Digital assets can more easily be comprised of non-financial values than in current fiat currency systems (see more at . The value of government-funded scientific research that led to price decreases in a product like solar power, for instance, is included in the price of a solar kWh, but what if we want to layer more values as well? With digital assets, other dynamic values including social utility in reducing carbon emissions, could be built into the asset itself.

This is what Swytch is doing by allocating a value to a generated unit of renewable electricity — a value that isn’t just a kWh, but includes the contextual information about how much carbon that unit of renewable energy is displacing. Essentially this becomes a new digital asset created alongside the generation of renewable power, reflecting the value carbon avoided rather than the kWh generated.

With the Exergy platform, another digital token XRG allows digital assets to be created out of the grid-edge data, which can in turn be utilised as a direct input into an energy service. For instance, we need to know if renewable energy is generated nearby to create a local green energy product.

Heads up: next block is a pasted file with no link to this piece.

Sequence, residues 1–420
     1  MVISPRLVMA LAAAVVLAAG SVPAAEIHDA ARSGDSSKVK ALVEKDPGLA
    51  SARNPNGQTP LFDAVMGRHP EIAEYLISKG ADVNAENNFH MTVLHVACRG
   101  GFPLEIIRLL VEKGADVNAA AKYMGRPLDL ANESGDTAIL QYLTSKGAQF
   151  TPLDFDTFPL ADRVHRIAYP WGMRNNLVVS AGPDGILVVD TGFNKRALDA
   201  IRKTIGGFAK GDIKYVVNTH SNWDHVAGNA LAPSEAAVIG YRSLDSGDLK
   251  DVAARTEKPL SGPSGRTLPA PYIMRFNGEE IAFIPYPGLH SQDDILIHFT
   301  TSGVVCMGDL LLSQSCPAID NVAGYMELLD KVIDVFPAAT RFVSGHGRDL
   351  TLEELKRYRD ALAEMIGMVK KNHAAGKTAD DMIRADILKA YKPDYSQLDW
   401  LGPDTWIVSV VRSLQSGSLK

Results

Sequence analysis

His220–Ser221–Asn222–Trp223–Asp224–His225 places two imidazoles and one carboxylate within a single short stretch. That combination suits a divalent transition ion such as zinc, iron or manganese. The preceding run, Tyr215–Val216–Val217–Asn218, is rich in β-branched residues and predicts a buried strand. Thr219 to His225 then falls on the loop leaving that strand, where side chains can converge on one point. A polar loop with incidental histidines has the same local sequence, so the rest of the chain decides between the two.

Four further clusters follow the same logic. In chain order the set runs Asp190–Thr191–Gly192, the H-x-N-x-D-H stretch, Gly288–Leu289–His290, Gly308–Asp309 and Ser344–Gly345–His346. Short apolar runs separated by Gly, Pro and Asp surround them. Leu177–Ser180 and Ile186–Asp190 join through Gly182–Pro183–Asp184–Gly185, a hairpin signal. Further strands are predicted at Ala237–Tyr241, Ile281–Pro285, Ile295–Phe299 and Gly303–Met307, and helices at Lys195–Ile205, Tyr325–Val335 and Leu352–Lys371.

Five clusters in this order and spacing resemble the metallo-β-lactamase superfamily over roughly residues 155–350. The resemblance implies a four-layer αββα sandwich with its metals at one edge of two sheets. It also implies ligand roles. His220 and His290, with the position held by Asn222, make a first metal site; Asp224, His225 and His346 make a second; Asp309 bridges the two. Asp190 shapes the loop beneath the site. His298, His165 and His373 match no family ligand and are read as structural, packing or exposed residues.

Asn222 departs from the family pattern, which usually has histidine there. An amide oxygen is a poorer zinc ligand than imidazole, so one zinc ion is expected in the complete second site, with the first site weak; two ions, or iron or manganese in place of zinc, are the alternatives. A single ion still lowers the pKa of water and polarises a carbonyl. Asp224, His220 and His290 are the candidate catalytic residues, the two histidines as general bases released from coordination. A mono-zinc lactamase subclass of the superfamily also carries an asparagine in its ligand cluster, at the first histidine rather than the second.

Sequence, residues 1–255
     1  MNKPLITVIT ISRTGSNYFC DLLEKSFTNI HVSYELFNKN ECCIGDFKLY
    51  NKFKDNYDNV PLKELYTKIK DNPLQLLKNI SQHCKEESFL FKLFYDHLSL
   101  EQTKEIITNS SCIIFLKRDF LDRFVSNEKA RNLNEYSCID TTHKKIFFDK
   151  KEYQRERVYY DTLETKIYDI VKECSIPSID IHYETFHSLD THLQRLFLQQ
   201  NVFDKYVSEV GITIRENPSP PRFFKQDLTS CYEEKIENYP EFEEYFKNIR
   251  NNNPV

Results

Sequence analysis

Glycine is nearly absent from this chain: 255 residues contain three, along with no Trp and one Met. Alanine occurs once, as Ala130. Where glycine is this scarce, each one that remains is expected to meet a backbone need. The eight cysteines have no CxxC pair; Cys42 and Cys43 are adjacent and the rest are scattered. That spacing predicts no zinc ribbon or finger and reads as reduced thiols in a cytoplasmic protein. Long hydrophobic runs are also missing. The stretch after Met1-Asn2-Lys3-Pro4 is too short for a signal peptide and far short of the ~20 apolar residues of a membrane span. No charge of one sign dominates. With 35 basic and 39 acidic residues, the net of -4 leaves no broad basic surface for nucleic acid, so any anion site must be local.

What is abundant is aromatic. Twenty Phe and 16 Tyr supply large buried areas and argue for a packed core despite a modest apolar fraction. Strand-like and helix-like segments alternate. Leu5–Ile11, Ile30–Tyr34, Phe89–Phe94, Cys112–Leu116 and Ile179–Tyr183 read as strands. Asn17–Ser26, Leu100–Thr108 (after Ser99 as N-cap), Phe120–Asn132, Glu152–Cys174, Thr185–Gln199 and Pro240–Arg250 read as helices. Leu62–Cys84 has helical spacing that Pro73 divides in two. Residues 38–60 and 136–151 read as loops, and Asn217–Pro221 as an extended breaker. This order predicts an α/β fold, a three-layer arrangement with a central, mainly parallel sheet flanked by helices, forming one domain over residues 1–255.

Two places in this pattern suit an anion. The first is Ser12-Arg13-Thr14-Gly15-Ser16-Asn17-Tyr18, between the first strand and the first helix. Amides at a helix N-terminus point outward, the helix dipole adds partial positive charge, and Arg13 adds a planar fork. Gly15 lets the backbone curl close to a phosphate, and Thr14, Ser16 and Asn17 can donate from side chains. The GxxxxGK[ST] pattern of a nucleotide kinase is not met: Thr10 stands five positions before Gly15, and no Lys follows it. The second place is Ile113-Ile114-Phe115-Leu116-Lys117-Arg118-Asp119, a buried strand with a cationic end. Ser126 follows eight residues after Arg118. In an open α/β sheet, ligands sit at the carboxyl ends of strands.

Exergy and Swytch are also explicitly utilizing digital assets for another of their unique properties: the ability to incentivize new behaviours within a digital economy. Swytch is rewarding those who undertake a range of carbon displacement actions, starting with generating renewable power. Exergy rewards for the inputs of data into a system in order to make new services possible. Exergy tokens are not kWh, but rather function as a way to open communication to devices and reward those who provide data. Without a ‘common’ pool of data available, each of us loses the potential to buy that local green product.

This reward for data sharing is new to the energy economy but aligns well with the trajectory in digital markets toward consumers awareness of (and owners of) their data, increasingly being upheld by governments through new data regulation from Europe to Australia.